In an interview with News Bureau Business and Law editor Phil Ciciora, University of Illinois law professor Richard L. Kaplan, an expert on U.S. tax policy, discusses the tax policy implications of the American Jobs Act bill.
President Obama has proposed extending a cut in the payroll tax paid by employees to stimulate the economy. Will it work?
The current payroll tax cut is really quite modest - only 2 percent of wages subject to Social Security taxes. For an employee who earns the median wage, this translates into about $840 per year, and the president proposed increasing this amount by about $400. But this tax reduction is achieved over the course of the whole year through lower tax withholdings, so the resulting boost in take-home pay is probably not enough to make most people change their spending habits. In fact, the present payroll tax cut has been in effect since the beginning of this year, and there has been no discernible increase in consumer spending.
Also, remember that employees who do not participate in the Social Security program, such as many state government workers, receive no benefit from a reduction in the payroll tax that funds that program because they do not owe that tax to begin with.
The president also proposed cutting the employer portion of the payroll tax. Is that approach more likely to succeed?
Probably not. Cutting the employer portion of the Social Security tax was one of the provisions enacted last year in the Hiring Incentives to Restore Employment Act. That tax cut focused on workers who had been out of work at least 60 days. President Obama has proposed limiting the new tax cut to employees who have not worked for six months.
Clearly, the 2010 employer payroll tax cut did not make much of a dent in our unemployment rate. So even if Congress passes this employer tax cut as the president has proposed, very recent history suggests that its impact will be muted at best.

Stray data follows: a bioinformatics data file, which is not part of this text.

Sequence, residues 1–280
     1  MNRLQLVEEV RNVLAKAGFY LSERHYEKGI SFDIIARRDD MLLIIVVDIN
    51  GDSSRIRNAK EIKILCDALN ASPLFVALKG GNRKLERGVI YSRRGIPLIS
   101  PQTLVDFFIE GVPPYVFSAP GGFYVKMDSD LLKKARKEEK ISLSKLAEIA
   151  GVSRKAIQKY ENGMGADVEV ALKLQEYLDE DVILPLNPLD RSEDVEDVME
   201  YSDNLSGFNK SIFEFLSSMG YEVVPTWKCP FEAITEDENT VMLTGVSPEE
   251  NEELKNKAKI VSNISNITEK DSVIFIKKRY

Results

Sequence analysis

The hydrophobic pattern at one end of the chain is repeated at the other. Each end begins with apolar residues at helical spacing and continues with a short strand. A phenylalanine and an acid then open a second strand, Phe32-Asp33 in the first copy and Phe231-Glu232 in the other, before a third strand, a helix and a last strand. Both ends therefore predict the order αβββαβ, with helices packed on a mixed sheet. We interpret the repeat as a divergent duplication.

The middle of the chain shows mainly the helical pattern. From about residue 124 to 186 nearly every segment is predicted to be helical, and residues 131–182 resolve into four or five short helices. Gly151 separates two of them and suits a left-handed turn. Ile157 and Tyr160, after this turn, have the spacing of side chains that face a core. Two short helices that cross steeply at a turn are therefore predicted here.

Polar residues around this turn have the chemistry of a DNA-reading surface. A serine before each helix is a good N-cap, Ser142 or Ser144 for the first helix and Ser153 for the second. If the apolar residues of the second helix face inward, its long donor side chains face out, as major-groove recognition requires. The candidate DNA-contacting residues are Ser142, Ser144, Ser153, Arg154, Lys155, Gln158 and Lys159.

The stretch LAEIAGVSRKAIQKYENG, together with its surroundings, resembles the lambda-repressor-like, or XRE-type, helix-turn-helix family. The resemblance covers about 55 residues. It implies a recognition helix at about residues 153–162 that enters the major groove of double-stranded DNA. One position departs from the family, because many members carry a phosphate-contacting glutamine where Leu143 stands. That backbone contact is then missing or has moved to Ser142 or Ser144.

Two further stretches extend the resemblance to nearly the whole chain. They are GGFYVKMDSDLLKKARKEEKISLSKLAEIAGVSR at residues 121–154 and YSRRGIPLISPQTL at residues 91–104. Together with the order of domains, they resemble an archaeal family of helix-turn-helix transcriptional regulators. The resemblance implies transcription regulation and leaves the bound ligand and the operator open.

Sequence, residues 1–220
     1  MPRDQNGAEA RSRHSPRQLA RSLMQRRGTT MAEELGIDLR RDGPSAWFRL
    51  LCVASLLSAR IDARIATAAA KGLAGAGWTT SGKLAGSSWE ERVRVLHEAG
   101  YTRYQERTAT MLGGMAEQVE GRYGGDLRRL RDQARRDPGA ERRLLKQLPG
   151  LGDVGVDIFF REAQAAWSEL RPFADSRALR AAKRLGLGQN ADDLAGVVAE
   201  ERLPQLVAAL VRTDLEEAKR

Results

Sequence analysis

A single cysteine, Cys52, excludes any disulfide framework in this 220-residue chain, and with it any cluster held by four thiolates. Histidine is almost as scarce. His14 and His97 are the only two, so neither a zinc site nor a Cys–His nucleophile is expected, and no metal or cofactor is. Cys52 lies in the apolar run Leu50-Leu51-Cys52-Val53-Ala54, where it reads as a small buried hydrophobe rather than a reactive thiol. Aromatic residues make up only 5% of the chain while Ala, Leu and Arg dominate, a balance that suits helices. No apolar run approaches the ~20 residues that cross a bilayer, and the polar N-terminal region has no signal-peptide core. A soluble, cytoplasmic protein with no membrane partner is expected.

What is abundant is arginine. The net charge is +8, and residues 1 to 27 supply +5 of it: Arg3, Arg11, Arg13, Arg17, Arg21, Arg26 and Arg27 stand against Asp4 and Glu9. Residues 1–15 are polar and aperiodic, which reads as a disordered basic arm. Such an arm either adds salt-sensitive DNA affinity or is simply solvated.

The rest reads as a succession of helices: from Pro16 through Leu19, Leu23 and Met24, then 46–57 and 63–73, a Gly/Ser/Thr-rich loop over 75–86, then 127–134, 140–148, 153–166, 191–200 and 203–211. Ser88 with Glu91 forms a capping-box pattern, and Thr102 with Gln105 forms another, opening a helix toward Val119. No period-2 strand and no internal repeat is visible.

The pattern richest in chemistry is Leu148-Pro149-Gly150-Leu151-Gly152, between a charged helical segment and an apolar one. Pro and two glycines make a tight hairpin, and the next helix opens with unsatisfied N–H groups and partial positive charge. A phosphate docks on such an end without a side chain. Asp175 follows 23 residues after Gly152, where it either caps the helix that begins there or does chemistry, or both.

How are these payroll tax cuts financed?
For both the 2010 employer-side and the 2011 employee-side cuts, the uncollected taxes simply reduce the revenues that would otherwise have gone into the Social Security trust fund. As a result, that program's fiscal condition actually worsened. While some consider this "trust fund" more of an internal recordkeeping device than a real funding mechanism, cutting payroll taxes means that Social Security's long-term fiscal condition becomes more precarious.
President Obama claimed in his address that the changes he wants will all be "paid for" by other changes, but those other changes probably will not redirect any funds back to Social Security. In this regard, his proposal follows a too-familiar Washington pattern of seeking short-term benefits at the expense of long-term obligations and of eroding Social Security's future solvency in the process.
And what is their impact on tax simplification?
All of President Obama's proposals are time-limited, meaning that they would be in effect for short periods of time, usually one calendar year. As a result, the tax code will change every year for the next couple of years even if no additional tax legislation is enacted.
Annual alterations in the tax code translate into greater statutory complexity and increased compliance burdens for affected taxpayers, especially small businesses. Moreover, history is very clear that even conceptually straightforward ideas like tax credits for hiring new employees acquire numerous limitations, income-based phase-outs and other restrictions as they work their way through Congress.
The bottom line is that the president's proposals prioritize some goal - in this case, job creation - over the objective of tax simplification, a situation that broadly characterizes our experience of the past several decades.